But that's not to say that confidence doesn't play a huge role in economic activity. Indeed, that's what Keynesian "animal spirits" are all about. If people, whether as consumers or entrepreneurs, feel confident enough to take risks and engage in economic activity, their ebullience creates a self-fulfilling virtuous cycle. More demand leads to more economic activity leads to even more willingness to take risk. So yeah, there's no question that the United States could use a little more confidence.

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But is it really the deficit that is holding people back right now, instead of the deleterious effects of the worst economic crisis since the Great Depression? What's more likely to dissuade an employer from hiring -- the prospect that taxes might have to rise in the future to bring down government deficits, or the fact that there is no demand for the goods or services his or her company offers? After all, if there was demand, an uncertain future would be highly unlikely to prevent companies from staffing up to meet the demand that exists in the present. We never know what's going to happen in the future -- the most obvious explanation for why businesses aren't hiring is that an economy featuring high unemployment isn't generating enough demand. Fix that problem, and "confidence" will boom.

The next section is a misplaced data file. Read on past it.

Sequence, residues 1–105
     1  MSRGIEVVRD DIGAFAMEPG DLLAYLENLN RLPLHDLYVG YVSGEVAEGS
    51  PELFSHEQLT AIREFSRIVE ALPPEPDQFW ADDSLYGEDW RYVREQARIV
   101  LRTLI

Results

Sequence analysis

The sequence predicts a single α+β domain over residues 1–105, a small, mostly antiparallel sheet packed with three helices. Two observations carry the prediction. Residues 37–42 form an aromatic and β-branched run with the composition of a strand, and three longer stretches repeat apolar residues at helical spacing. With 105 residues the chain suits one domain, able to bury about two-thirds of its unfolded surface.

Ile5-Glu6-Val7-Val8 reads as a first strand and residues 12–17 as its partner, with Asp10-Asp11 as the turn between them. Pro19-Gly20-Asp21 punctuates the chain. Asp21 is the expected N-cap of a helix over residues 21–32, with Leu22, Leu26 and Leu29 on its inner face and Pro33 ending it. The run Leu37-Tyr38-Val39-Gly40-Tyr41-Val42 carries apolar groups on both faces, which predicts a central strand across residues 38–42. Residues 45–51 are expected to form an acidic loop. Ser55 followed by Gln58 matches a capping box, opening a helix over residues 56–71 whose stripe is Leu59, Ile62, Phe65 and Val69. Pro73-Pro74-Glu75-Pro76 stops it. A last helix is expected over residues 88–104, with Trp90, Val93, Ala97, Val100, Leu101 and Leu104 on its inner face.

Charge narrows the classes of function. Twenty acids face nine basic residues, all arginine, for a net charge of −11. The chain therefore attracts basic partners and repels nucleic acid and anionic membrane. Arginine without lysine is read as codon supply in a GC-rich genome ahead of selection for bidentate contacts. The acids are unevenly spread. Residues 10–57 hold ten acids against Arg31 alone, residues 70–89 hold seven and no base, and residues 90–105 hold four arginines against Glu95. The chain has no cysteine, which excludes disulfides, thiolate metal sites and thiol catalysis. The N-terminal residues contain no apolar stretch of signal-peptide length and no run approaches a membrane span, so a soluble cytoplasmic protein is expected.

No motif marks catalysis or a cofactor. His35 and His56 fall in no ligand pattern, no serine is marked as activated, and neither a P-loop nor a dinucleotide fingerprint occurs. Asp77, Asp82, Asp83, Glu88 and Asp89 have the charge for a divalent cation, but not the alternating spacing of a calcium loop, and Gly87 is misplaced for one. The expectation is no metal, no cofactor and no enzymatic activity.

The even more questionable aspect of the deficit-causes-uncertainty argument is the partisan line that names Obama as the guilty party. Yes, Obama isn't doing what he needs to do to boost employment, but if you want to talk about politicians who are guilty of breeding uncertainty then it's just as easy, if not easier, to point the finger at Republicans. Have we forgotten that just last December, Republican legislators overwhelmingly approved a package of tax cut extensions and brand new tax cuts that immediately made the nation's deficit larger? Is there anything that could possibly be more psychologically debilitating to our national sense of self-confidence than the idea that our government might willingly fail to raise the debt ceiling and plunge our nation into utterly uncertain fiscal waters? President Obama has put on the table a budget deal sacrificing so many core Democratic priorities that a large swathe of his own party feels betrayed -- and Republicans still won't agree to it. That, surely, is something that many Americans find quite nerve-racking.